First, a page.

Acupuncture for Dogs

Acupuncture for dogs started being used around the 1980’s. Although the practice has been around for thousands of years for humans, conventional medicine still looks at it with skepticism. Since it has survived for so many years, it must obviously have some benefits.

What is Acupuncture?

Acupuncture is a form of energy healing. Traditional Chinese Medicine recognizes an energy force within the body called Qi. It works to keep the body’s life energy in balance. Disease occurs when this energy is imbalanced.

Energy is carried to each part of the body via a network of 14 meridians. Keeping proper energy flow through the meridians is the essence of good health to all the body’s organs. Meridians surface on the skin. The points where they surface are called acupoints.  Manipulating these points can increase energy to a specific part of the body.

Conditions that Have Improved with Canine Acupuncture:

  •   Incontinence
  •   Pain relief
  •   Arthritis
  •   Hearing loss
  •   Obesity
  •   Bronchial Asthma
  •   Immune system disorders
  •   Chronic respiratory problems
  •   Neurological disorders
  •   Cardiovascular problems
  •   Cervical disk disease

This list is not complete. New things are being discovered with increased use.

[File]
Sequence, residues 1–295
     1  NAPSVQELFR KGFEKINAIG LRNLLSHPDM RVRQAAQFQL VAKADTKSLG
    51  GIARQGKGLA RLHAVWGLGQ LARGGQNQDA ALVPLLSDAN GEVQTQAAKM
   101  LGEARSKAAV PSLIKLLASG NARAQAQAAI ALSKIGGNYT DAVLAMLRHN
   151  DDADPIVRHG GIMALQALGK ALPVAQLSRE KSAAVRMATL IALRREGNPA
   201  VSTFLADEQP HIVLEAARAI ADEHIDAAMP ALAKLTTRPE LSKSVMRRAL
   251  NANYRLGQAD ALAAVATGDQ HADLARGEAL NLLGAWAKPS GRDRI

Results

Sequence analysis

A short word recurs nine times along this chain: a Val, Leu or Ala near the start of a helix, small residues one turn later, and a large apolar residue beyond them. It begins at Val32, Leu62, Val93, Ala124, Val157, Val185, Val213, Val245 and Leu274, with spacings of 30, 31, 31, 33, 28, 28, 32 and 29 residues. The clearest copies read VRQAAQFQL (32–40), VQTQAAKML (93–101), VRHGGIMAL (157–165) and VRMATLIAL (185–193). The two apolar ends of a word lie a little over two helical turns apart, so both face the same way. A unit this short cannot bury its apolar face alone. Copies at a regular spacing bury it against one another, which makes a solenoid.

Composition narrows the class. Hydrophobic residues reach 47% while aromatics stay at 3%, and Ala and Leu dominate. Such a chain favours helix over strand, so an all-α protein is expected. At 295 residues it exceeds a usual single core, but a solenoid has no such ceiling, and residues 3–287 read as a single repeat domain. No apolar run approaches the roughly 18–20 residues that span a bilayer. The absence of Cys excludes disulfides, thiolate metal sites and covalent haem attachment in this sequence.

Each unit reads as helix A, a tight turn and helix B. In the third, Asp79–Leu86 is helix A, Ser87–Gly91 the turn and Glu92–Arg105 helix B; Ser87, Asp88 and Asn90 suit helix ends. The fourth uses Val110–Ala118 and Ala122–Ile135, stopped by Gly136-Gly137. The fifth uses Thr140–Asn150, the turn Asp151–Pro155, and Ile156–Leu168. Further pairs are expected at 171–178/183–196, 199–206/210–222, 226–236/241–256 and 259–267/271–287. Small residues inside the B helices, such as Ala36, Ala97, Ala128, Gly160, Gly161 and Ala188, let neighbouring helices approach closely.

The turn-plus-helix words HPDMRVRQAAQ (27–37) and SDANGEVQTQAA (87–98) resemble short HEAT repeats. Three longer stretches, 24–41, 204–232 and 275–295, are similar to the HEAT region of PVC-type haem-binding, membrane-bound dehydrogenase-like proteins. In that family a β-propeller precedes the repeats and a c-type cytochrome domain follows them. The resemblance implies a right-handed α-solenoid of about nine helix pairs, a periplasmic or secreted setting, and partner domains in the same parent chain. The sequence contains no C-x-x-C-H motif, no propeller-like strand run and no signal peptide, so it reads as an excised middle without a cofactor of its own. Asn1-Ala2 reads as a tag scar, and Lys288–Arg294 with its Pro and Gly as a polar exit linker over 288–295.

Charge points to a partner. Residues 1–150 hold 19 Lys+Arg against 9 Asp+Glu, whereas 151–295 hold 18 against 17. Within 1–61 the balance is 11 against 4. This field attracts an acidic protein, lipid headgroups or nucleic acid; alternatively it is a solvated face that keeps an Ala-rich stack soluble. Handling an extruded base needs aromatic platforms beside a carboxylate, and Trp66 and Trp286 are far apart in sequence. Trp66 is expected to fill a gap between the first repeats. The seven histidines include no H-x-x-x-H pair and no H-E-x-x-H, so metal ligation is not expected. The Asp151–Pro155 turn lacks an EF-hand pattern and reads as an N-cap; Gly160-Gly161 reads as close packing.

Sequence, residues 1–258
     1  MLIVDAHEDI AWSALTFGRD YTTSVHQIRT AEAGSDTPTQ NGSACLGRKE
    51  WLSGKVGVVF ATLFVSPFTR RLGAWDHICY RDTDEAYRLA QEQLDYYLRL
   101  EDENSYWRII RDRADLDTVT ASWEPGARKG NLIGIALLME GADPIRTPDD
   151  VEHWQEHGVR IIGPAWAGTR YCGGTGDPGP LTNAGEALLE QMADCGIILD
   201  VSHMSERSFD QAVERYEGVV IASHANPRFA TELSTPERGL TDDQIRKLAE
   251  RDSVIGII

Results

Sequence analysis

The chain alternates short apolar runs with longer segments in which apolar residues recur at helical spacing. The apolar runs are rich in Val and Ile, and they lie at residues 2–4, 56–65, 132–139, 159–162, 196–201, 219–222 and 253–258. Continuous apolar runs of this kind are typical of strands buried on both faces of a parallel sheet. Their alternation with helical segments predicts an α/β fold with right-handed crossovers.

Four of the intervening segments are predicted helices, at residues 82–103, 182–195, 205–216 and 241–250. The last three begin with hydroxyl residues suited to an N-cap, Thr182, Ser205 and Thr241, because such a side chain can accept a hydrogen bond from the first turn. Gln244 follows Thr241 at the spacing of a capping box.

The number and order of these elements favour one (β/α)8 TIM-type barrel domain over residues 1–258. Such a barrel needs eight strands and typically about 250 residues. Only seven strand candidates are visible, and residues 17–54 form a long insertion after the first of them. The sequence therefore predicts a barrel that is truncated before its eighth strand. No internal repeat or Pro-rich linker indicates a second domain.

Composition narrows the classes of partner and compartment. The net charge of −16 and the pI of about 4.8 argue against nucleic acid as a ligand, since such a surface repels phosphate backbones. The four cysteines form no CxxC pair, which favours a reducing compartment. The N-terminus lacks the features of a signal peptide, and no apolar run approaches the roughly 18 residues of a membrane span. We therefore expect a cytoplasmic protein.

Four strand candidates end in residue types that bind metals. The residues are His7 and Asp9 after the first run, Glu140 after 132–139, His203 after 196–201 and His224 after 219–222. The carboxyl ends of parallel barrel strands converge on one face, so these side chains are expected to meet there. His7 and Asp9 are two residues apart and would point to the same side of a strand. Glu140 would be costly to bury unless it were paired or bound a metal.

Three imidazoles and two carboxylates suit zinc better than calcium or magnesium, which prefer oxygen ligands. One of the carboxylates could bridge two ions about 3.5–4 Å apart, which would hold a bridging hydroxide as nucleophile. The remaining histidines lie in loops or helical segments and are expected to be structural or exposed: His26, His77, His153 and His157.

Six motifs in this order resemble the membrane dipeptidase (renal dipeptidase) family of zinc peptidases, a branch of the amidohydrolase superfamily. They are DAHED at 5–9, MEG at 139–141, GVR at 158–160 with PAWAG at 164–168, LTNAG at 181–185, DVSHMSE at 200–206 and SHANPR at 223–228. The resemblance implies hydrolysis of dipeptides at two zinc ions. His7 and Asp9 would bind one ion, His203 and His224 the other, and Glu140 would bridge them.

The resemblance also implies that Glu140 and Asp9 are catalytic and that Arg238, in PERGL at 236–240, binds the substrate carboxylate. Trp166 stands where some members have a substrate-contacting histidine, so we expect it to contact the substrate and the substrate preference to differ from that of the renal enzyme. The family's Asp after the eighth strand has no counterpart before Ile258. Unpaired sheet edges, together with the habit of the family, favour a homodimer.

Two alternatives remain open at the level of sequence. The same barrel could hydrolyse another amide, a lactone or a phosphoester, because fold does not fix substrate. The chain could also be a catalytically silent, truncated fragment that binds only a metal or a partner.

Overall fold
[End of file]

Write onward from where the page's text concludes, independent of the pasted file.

How Acupuncture for Dogs is Done

Just like in humans dogs receive acupuncture usually in one of three ways:   

  1. Inserting tiny needles into the acupoints.
  2. Acupressure is simply using the fingers to put pressure on specific acupoints.
  3. Aquapuncture is injecting Vitamin B12 and saline into the acupoints.

Most dogs do not mind the process because it helps them feel so much better. Consult your vet or a trained vet acupuncturist to determine if your dog is a candidate for this treatment. If your dog is highly excitable, the adrenaline increase may not be worth it.

My Experience with Canine Acupuncture

I had an 18 year old beagle named Jessie who was suffering from kidney failure. I learned to give her subcutaneous fluids under her skin at home to get rid of the toxins in her body and did so twice a day. When she would get a bit lethargic or didn’t want to eat, I would take her to a veterinarian who was trained in acupuncture. She gave Jessie Vitamin B12 and saline injections. Afterwards, she would perk up and show a noticeable increase in her energy levels as well as her appetite. It was well worth the effort for Jessie.


Acupuncture for dogs may be a good adjunct to conventional treatment for what is ailing your pet. Again, find a qualified vet to advise you as to whether your pet could benefit from it. Most people have found it beneficial.

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